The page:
“John the Baptist said, ‘I am a voice of one crying in the wilderness, ‘Make straight the way of the Lord,’ as the Isaiah the prophet said.” (John 1.23)
Our tall, stately Christmas tree went up yesterday in the sanctuary with no little effort. Things were already looking splendid in there thanks to Molly Watkins and Susan Wilson. The quiet crèche greets us at the main entrance and the unfussy Advent bunting with violet bows festoons the face of our gallery. And let’s not forget the Advent wreath bringing dawning light of revelation at the darkest time.
But people kept asking about the tree. Where was it? The truth is it almost didn’t get up because it’s a demanding, risky task. Were we to hire workers to engineer that multi-person, multi-hour undertaking? Alas, no funds for that in our budget.
But wait, Bob McGee feels about that tree going up like how mother bears feel about their cubs. And his sturdy Advent acolytes Tom Parnon and John Wilson carefully coordinated with Bob, working in tandem to get our tree tall and proud. I walked in there a few times as the work was in progress, worried for their safety. But I felt better as I noticed how these three acted as “spotters” for one another.
Perhaps we associate “spotters” with gymnastics or weightlifting. But John the Baptizer was a “spotter” in his own day. His was a steadying prophetic voice drawing straight, uncompromised lines as the masses curved everything toward themselves, toward their getting to the top of the heap, toward their self-interest.
Think of such a voice and witness as John the Baptizer’s in our own day, rife with degrading molestation and unblinking fabrications, with betrayal and intrigue that would fit right into Herod the Great eager to snuff out baby Jesus like a bad cigar.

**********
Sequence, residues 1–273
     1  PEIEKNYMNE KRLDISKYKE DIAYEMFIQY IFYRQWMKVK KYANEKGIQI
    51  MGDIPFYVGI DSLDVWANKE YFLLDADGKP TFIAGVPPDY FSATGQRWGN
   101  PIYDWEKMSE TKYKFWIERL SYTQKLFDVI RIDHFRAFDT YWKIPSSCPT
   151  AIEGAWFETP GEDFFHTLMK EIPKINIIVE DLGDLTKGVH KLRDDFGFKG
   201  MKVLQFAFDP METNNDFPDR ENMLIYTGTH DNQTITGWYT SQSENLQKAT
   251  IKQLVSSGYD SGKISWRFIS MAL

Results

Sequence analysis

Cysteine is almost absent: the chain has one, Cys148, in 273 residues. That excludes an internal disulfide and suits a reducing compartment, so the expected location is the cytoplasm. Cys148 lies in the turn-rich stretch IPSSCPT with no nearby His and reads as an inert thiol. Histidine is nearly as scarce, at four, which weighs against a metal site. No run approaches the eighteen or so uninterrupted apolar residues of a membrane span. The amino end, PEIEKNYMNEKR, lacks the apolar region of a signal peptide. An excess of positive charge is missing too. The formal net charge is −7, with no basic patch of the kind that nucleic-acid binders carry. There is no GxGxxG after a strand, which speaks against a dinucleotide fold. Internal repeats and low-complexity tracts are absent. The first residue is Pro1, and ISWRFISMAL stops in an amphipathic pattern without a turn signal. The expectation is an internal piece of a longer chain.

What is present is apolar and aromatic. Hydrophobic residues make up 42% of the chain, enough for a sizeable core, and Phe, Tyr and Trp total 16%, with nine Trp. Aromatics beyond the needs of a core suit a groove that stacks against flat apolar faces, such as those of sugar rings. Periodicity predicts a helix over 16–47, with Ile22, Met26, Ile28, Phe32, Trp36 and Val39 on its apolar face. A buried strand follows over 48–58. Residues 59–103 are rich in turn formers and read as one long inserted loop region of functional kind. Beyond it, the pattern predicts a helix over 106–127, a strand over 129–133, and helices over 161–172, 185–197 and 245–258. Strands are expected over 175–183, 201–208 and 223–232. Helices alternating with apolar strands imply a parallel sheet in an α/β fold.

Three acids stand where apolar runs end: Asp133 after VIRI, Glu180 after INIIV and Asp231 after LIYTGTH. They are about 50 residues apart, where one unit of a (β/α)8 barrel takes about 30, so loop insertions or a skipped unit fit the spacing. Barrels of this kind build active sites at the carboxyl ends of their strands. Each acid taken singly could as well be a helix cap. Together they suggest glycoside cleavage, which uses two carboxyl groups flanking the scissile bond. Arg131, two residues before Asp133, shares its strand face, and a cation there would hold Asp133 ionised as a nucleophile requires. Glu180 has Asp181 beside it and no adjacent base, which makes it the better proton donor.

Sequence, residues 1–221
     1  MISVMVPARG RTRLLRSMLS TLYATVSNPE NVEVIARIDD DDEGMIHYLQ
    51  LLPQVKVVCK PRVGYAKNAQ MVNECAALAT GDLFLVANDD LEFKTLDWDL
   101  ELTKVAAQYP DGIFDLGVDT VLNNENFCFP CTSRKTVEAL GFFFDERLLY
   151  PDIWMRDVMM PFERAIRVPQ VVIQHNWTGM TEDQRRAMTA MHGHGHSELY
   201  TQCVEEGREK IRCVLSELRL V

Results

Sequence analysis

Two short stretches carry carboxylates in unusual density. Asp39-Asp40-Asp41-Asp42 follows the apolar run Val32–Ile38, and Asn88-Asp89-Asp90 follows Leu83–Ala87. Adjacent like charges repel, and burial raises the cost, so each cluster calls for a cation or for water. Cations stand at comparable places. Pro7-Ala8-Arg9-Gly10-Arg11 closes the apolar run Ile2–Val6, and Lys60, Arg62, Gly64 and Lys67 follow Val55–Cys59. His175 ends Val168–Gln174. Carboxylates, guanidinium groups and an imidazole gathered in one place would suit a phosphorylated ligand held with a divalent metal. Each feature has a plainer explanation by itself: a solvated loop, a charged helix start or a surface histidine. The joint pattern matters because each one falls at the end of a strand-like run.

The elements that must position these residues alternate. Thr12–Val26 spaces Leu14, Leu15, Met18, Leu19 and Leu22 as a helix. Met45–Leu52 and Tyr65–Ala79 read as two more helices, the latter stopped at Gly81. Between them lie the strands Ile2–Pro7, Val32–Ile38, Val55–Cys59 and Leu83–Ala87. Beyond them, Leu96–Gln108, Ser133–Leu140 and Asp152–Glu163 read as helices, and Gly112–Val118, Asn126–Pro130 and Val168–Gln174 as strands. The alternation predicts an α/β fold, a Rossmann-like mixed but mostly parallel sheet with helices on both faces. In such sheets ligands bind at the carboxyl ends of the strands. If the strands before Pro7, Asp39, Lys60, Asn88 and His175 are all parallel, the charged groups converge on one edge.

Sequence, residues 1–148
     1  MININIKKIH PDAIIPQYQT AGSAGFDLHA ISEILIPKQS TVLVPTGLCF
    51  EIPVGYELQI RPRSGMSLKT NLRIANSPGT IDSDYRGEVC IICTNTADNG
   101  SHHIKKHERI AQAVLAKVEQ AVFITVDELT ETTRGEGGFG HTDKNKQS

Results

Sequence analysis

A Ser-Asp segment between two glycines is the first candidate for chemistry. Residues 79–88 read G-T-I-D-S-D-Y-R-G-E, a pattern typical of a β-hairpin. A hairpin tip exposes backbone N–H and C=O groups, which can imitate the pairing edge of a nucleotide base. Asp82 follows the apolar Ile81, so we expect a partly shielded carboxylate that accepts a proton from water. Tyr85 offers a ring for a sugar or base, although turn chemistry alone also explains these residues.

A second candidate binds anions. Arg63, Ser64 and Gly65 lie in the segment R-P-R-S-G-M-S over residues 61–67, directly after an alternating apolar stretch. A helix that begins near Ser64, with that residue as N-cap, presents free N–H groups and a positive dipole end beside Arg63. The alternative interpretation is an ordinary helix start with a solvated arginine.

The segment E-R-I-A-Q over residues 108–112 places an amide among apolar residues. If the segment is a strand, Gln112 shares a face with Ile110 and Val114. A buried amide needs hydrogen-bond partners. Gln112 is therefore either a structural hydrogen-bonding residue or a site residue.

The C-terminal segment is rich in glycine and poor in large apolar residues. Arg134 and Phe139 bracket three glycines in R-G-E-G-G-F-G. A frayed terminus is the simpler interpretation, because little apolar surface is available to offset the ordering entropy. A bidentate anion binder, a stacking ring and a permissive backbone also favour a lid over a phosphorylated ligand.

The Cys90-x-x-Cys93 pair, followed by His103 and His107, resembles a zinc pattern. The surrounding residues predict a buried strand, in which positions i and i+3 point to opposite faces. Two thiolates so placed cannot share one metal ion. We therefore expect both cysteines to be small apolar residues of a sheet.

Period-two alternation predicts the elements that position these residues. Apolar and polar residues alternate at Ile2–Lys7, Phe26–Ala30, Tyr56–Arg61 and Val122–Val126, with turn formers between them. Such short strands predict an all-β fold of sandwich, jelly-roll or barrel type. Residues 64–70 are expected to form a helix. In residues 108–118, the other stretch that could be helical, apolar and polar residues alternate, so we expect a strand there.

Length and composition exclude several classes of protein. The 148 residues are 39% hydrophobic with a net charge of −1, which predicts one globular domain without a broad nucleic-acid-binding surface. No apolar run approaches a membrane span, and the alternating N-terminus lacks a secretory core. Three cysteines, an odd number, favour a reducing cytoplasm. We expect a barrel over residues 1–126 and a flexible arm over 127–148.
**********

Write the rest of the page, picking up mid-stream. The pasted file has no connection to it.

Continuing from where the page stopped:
How sorely we need prophetic voices willing to speak unvarnished truth without spin, agenda, or self-interest. We need “spotters” in such a time as this, brave people unafraid to survey wreckage on the landscape of our lives, and to sound the alarm, forcing us to notice how eagerly we all compromise ourselves. John’s message of baptism by repentance was not about the fury of self-hate or darkly reveling in how utterly lost people are. No, repentance means a 180 degree shift in the direction from where we are now headed. It is about leaving the circuitous paths of lies and getting on a straight path. Where are those brave voices today?
Last Sunday I said that Advent and Christmas are the answer to the question that implicitly rises within our breasts: why doesn’t somebody do something about the mess we are in? Why doesn’t God act to get us off the dreadful course we’re on?
It’s happening, friends. As we look and hear with eyes and ears of faith, we will see it. No matter how great the dark, God’s light shines and will not be quenched. God shall painfully deliver the way, the truth, and the life. Let us prepare his way!